Return to [Plant List - M to R]

Pear - pages 1455-1459.

"Pyra. Of the Peare tree.
To write of Pears and Apples in particular, would require a particular volume: the stocke or kindred of Pears are not to be numbred: euery country hath his peculiar fruit... Wine made of the iuice of peares called in English, Perry, is soluble, purgeth those that are not accustomed to drinke thereof, especially when it is new; notwithstanding it is as wholsome a drink being taken in small qunatitie as wine; it comforteth and warmeth the stomacke, and causeth good digestion."

Return to [Plant List - M to R]

Peas - pages 1219-1221.

"Pisum maius. Of Peason.
Galen writeth, that Peason are in their whole substance like vnto Beanes, and be eaten after the same manner that Beans are..."

Return to [Plant List - M to R]

Pease Earth-nut pages 1236-1237.

"Terraeglandes. Of Pease Earth-Nut.
The Nuts of this Pease being boiled and eaten, are hardlier digested than be either Turneps or Parsneps, yet do they nourish no lesse than the Parsneps: they are not so windie as they, they doe more slowly passe through the belly, by reason of their binding qualitie, and being eaten raw they be yet harder of digestion, and do hardlier and slowlier descend."

Return to [Plant List - M to R]

Peppers - pages 364-366.

"Capsicum. Ginnie or Indian Pepper.
...Ginnie pepper hath the taste of pepper, but not the power or vertue, notwithstanding in Spaine and sundrie parts of the Indies they do vse to dresse their meate therewith, as we doe with Calecute pepper: but (saith my Authour) it hath in it a malicious qualitie, whereby it is an enemy to the liuer and other of the entrails... It is said to die or colour like Saffron; and being receiued in such sort as Saffron is vsually taken, it warmeth the stomacke, and helpeth greatly the digestion of meates."

Return to [Plant List - M to R]

Plum - pages 1496-1499.

"Prunus Domestica. Of the Plum tree.
Plummes that be ripe and new gathered from the tree, what sort soeuer they are of, do moisten and coole, and yeeld vnto the body very little nourishment, and the same nothing good at all: for as Plummes do very quickly rot, so is also the iuice of them apt to putrifie in the body, and likewise to cause the meat to putrifie which is taken with them... Dried Plums, commonly called Prunes, are wholsomer, and more pleasant to the stomack, they teeld more nonrishment, and better, and such as cannot easily putrifie..."

Return to [Plant List - M to R]

Pine tree - pages 1355-1356.

"Pinus sativa, sive domestica. Of the Pine Tree.
The kernels of these nuts...[?] yeeldeth a thicke and good iuice, and nourisheth much, yet it is not altogether easie of digestion, and therefore it is mixed with preserues, or boyled with sugar."

Return to [Plant List - M to R]

Pinks - pages 590-597.

"Caryophyllus. Pinks or wilde Gillofloures.
The conserue made of the floures of the Cloue Gillofloure and sugar, is exceeding cordial, and wonderfully aboue measure doth comfort the heart, being eaten now and then."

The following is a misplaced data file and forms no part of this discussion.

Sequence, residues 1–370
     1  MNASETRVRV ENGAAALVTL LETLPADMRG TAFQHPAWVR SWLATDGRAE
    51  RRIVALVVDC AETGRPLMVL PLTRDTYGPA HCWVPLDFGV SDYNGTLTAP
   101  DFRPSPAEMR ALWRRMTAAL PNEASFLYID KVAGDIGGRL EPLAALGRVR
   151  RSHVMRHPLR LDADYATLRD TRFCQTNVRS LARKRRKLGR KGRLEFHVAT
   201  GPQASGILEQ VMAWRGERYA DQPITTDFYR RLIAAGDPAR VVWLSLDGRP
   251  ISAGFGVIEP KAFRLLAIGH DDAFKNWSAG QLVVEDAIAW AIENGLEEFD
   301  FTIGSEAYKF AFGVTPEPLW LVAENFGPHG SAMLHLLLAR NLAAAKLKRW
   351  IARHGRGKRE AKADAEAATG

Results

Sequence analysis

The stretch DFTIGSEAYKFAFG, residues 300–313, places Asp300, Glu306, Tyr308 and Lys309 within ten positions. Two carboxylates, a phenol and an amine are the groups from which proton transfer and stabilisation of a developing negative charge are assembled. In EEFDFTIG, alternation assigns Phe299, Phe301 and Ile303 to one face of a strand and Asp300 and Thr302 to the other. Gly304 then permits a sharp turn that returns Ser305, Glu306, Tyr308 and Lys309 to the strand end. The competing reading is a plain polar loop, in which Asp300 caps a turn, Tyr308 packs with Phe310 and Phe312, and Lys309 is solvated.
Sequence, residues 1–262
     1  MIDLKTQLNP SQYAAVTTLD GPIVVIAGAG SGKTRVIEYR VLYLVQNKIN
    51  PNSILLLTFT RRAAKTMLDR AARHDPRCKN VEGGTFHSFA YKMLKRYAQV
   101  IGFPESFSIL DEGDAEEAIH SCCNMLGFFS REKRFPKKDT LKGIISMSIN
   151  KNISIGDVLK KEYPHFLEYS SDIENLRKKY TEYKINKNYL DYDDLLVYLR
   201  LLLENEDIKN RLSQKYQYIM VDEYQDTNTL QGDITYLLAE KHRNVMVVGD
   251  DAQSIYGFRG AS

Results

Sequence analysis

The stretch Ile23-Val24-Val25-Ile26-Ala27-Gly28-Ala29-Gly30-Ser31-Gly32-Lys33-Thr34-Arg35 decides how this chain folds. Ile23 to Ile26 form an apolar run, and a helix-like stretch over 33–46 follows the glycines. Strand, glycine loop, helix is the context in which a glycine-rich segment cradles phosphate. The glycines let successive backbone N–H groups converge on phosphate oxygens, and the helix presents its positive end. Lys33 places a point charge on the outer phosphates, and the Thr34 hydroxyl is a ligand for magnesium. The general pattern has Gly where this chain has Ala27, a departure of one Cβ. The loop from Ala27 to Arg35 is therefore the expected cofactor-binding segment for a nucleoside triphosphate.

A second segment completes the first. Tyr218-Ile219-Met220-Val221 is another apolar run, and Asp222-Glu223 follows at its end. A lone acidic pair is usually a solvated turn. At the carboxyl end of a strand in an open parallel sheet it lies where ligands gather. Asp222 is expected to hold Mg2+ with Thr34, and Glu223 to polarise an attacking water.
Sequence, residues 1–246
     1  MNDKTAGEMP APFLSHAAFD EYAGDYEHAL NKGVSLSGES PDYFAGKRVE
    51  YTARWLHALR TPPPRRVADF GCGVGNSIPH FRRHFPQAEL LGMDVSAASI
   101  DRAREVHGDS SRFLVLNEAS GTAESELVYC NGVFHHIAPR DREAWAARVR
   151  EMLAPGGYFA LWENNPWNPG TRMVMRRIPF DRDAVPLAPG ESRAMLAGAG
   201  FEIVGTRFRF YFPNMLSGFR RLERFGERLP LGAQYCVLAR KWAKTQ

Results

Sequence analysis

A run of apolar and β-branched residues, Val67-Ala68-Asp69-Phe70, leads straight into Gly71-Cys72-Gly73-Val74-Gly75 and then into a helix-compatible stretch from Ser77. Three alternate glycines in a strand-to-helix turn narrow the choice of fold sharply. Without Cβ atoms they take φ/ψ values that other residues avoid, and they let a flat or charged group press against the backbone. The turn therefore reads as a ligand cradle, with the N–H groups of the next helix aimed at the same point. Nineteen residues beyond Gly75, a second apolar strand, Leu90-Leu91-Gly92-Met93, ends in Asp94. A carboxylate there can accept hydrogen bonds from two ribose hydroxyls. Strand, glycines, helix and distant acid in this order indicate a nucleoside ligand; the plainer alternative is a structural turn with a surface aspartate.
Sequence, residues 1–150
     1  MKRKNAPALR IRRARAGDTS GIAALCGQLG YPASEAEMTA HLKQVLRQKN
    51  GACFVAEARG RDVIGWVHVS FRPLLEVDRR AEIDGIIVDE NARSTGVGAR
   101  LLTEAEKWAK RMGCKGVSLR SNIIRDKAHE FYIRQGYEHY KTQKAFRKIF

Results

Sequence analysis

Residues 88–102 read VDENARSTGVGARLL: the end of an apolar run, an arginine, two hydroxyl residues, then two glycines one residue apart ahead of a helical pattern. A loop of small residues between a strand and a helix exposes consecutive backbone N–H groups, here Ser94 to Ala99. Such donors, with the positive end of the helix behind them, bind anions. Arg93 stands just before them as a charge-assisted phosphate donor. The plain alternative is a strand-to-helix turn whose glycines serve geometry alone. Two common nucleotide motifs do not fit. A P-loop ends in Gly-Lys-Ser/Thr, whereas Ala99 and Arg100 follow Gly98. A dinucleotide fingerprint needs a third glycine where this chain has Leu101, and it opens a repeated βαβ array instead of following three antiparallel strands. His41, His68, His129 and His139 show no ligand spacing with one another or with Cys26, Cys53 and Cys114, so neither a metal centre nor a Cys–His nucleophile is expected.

Return to [Plant List - M to R]

Pistachio - pages 1436-1437.

"Pistacia. Of Fisticke Nuts.
The kernels of the Fisticke Nuts are oftentimes eaten as be those of the Pine Apples; they be of temperature hot and moist; they are not so easily concocted, but much easier than common nuts... The kernels of Fisticke nuts condited, or made into comfits, with sugar, and eaten, doe procure bodily lust, vnstop the lungs and the brest, are good against the shortnesse of breath, and are an excellent preseruatiue medicine being ministred in wine against the bitings of all manner of wilde beasts."

Return to [Plant List - M to R]

Pomegranate - pages 1449-1451.

"Malus Granata, siue Punica. Of the Pomegranat tree.
As there be sundry sorts of Apples, Peares, Plums, and such like fruits, so there are two sorts of Pomegranates, the garden and the wilde... the fruit of the garden Pomegranat is of three sorts; one hauing a soure iuyce or liquor; another hauing a very sweet and pleasant liquor, and the third the taste of wine... The iuicie grains of the Pomegranate are good to be eaten, hauing in them a meetly good iuice: they are wholesome for the stomacke..."

Return to [Plant List - M to R]

Poppy - pages 368-371 (last 2 pages are mislabeled 400 & 401).

"Papauer. Garden Poppies.
...This seed, as Galen saith in his booke of the Faculties of nourishments, is good to season bread with; but the white is better than the black. He also addeth, that the same is cold and causeth sleepe, and yeeldeth no commendable nourishment to the body; it is often vsed in comfits, serued at the table with other iunketting dishes. The oile which is pressed out of it is pleasant and delightfull to be eaten, and is taken with bread or any other waies in meat, without any sence of cooling."

Return to [Plant List - M to R]

Potato - pages 926-928 (See also Sweet Potatos).

"Battata Virginiana, siue Virginianorum, & Pappus. Virginian Potatoes.
The temperature and vertues be referred vnto the common [sweet] Potatoes, being likewise a food, as also a meate for pleasure, equall in goodnesse and wholesomenesse vnto the same, being either rosted in the embers, or boyled and eaten with oyle, vinegar, and pepper, or dressed any other way by the hand of some cunning in cookerie."

Return to [Plant List - M to R]

Pulse - pages 1208-1211.

"Faba maior hortensis. Of Pulse.
The Beane... is windie meate, although it be neuer so much sodden and dressed any way... And seeing the meale of Beanes is windie, the Beanes themselues if they be boyled whole and eaten are yet much more windie. If they be parched they lose their windinesse, but they are harder of digestion... The blacke Beane is not vsed with vs at all, seeing, as we haue said, it is rare, and sowne oonely in a few mens gardens, who be delighted in varietie and studie of herbes."

Return to [Plant List - M to R]

Purslane - pages 521-522.

"Portulaca. Purslane.
...Rawe Purslane is much vsed in sallades, with oile, salt, and vineger... The leaues of Purslane either rawe, or boiled, and eaten as sallades, are good for those that haue great heate in their stomackes..."

Return to [Plant List - M to R]

Quince - pages 1451-1453.

"Malus Cotonea. Of the Quince Tree.